London - James O'Connor says he is ready, willing and able to play his first
Test at No 10, after excelling in the pivotal role for the Wallabies
against the Barbarians at Twickenham.
In his first major appearance at No 10, O'Connor
had a memorable afternoon on Saturday, guiding the Wallabies to a breezy
eight-tries-to-one victory with an assured midfield performance, in
which he continually troubled the Barbarians with his front-foot play
and willingness to attack the gain line. The extra responsibilities did
not affect his kicking either, and he finished with 20 points from
seven conversions, a penalty goal and field goal.
Before the match, there had been a strong possibility
that Berrick Barnes would take over as No 10 for Saturday's Test
against Wales in Cardiff, with O'Connor moving to No. 12. But that may
no longer be an option, especially after Barnes was forced off the field
before half-time after he was accidentally kneed near his shoulder by
Barbarians second-rower Simon Shaw.
Wallabies officials said the Waratahs midfielder was "extremely sore"
after the incident, and might be unavailable for the match at
Millennium Stadium. That means the Wallabies may have no option but to
leave O'Connor at five-eighth, with young Reds centre Ben Tapuai a
strong possibility to play his first Test at No 12 after he had an
excellent second-half as Barnes's replacement.
O'Connor was one of a number of Wallabies' standouts,
with fullback Adam Ashley-Cooper and wings Digby Ioane and Lachie
Turner, who shared in four tries, also shining. Several players also
used their time off the bench well, particularly James Horwill, another
with two tries to his name when he crossed twice in nine minutes after
replacing Nathan Sharpe.
The Barbarians lacked structure and the Wallabies took
advantage of that, playing with great resolve and making few errors in
spite of a five-week break.
Ashley-Cooper won the man-of-the-match award, but
O'Connor was the player everyone wanted to talk about. Most importantly,
Wallabies coach Robbie Deans was delighted, given that he now knows
O'Connor can comfortably cover for Cooper.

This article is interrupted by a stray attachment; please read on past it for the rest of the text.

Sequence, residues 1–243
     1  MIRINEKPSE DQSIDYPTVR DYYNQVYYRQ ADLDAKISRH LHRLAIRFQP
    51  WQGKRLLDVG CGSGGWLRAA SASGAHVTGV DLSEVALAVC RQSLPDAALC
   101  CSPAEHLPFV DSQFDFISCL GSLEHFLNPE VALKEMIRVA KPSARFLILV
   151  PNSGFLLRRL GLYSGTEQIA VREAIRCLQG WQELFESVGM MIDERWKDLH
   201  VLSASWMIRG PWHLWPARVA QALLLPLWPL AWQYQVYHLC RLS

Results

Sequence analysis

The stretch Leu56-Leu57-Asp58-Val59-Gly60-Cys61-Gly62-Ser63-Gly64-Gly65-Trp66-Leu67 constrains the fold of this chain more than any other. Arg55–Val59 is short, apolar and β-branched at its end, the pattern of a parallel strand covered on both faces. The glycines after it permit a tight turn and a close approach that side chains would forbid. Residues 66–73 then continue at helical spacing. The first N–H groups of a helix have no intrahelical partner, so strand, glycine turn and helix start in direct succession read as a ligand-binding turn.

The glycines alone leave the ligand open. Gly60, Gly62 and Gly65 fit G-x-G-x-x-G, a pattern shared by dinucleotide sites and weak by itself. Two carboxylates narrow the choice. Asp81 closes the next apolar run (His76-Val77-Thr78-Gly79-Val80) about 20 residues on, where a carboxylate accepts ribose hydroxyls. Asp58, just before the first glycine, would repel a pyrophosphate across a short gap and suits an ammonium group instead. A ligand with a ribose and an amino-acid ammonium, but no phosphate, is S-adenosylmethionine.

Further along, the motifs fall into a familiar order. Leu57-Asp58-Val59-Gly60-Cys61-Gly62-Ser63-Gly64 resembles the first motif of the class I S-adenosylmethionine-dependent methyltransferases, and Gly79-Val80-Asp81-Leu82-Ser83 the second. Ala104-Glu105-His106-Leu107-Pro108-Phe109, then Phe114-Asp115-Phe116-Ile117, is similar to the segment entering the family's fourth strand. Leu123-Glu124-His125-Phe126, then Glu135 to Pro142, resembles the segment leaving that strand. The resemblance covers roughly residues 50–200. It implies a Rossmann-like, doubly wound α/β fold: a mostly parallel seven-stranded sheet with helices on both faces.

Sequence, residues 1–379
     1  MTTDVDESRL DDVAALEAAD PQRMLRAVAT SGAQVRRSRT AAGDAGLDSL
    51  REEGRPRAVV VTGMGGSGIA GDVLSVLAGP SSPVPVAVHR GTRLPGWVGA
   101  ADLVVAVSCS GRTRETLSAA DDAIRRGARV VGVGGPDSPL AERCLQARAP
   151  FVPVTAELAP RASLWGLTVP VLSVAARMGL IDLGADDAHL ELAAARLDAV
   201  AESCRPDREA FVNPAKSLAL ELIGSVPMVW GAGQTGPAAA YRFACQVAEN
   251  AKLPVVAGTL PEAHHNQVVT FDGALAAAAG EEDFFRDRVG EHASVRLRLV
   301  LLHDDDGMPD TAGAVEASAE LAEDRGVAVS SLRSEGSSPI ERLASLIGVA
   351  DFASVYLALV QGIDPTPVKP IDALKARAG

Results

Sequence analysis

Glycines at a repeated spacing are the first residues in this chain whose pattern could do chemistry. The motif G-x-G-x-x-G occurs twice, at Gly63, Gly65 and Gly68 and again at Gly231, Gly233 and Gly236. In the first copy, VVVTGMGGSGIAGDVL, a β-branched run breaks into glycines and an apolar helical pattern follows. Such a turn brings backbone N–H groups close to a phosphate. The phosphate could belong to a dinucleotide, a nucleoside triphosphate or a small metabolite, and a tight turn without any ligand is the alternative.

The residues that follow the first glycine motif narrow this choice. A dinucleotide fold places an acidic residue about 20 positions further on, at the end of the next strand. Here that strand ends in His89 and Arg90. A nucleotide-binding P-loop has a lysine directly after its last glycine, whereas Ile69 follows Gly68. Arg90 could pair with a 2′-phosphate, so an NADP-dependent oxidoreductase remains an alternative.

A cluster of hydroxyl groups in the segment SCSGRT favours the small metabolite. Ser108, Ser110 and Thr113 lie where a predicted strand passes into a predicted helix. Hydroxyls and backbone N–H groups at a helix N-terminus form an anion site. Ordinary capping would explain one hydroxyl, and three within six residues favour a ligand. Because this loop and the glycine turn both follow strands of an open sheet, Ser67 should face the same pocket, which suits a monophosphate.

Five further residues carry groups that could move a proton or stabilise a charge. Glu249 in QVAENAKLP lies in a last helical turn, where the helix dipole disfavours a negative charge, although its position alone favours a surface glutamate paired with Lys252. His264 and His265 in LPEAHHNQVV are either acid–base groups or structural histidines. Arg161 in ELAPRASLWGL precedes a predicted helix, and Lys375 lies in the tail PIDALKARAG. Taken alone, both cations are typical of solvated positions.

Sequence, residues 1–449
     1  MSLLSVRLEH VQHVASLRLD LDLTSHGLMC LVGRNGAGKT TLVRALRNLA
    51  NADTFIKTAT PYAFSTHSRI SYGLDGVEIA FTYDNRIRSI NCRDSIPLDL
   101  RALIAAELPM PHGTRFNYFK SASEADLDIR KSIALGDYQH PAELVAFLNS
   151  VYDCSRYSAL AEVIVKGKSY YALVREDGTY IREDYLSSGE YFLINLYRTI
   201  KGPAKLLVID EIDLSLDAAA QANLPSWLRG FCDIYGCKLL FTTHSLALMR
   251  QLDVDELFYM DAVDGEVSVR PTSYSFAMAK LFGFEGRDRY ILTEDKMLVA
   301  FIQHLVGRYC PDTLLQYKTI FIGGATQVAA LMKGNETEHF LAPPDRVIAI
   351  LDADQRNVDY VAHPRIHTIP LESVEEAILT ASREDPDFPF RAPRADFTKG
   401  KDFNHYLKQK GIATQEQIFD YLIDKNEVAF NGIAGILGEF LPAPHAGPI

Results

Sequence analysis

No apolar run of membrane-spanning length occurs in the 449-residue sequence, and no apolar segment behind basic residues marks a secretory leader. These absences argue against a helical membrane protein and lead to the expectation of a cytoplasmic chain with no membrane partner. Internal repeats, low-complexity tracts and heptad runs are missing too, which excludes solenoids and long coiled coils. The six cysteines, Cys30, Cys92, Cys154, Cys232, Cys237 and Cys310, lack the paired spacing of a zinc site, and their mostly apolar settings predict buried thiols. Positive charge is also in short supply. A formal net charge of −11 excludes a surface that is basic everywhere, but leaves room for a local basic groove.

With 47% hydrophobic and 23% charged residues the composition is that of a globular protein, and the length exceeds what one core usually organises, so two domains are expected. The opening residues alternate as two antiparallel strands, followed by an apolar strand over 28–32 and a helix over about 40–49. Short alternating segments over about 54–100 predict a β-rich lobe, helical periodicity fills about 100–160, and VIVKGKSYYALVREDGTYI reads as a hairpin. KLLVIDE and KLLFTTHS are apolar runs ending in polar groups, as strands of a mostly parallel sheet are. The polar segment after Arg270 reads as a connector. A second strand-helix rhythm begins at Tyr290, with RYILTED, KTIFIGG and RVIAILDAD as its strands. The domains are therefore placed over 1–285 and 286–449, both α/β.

"For a first outing at this level, it was an impressive
performance," Deans said. "He provided demands on the defence, while his
passing game was pretty good. That is going to be the toughest element
when it comes to playing Test football, because there is so much less
time and space. And by and large he was good in that area tonight."
Ditto Tapuai. "He was great," Deans said. "He
straightened the attack, was strong in the contact, and has pretty good
ball security as well. It was a good start."
After having a precautionary X-ray on a sore hand that
had been stood on, O'Connor said that if he was required to play No 10
against Wales, it would not daunt him.
"I'll be ready. I will approach the match the same as I
usually do, but as it will involve a Test team, there will be more
structure to the opposition's game," he said.
"If Berrick is out, I will happily take the No 10 reins
again. And I'm also sure Ben [Tapuai] will be up for it as well. I was
happy with my performance. I had a whole week to work on it, and get
used to it. I have played No 10 for the Force, and while No 12
is the position I like, it is still nothing different for me."
O'Connor even knew when to adapt. Just before half-time,
he was lining up a conversion attempt, but had the ball plucked off the
kicking tee by Barbarians halfback Peter Stringer before he could get
his boot to it. Stringer had sprinted 25 metres to charge the kick down
after O'Connor had begun his drawn-out goalkicking process with a slight
movement of his right foot.
Stringer grabbed the ball and ran off the
field with it, with referee Romain Poite telling O'Connor Stringer was
well within his rights because the goalkicker had moved. In the second
half, O'Connor refined his kicking action. The little twitch was gone.
"Apparently my foot came off the ground, and that is
considered as when I have started my kick. If that's the case, it's a
fair call. I fixed it up in the second half," O'Connor said.
He had plenty of opportunities to work on his action
after the break, as the Wallabies went on a try-scoring spree, finishing
with 42 points in the second half.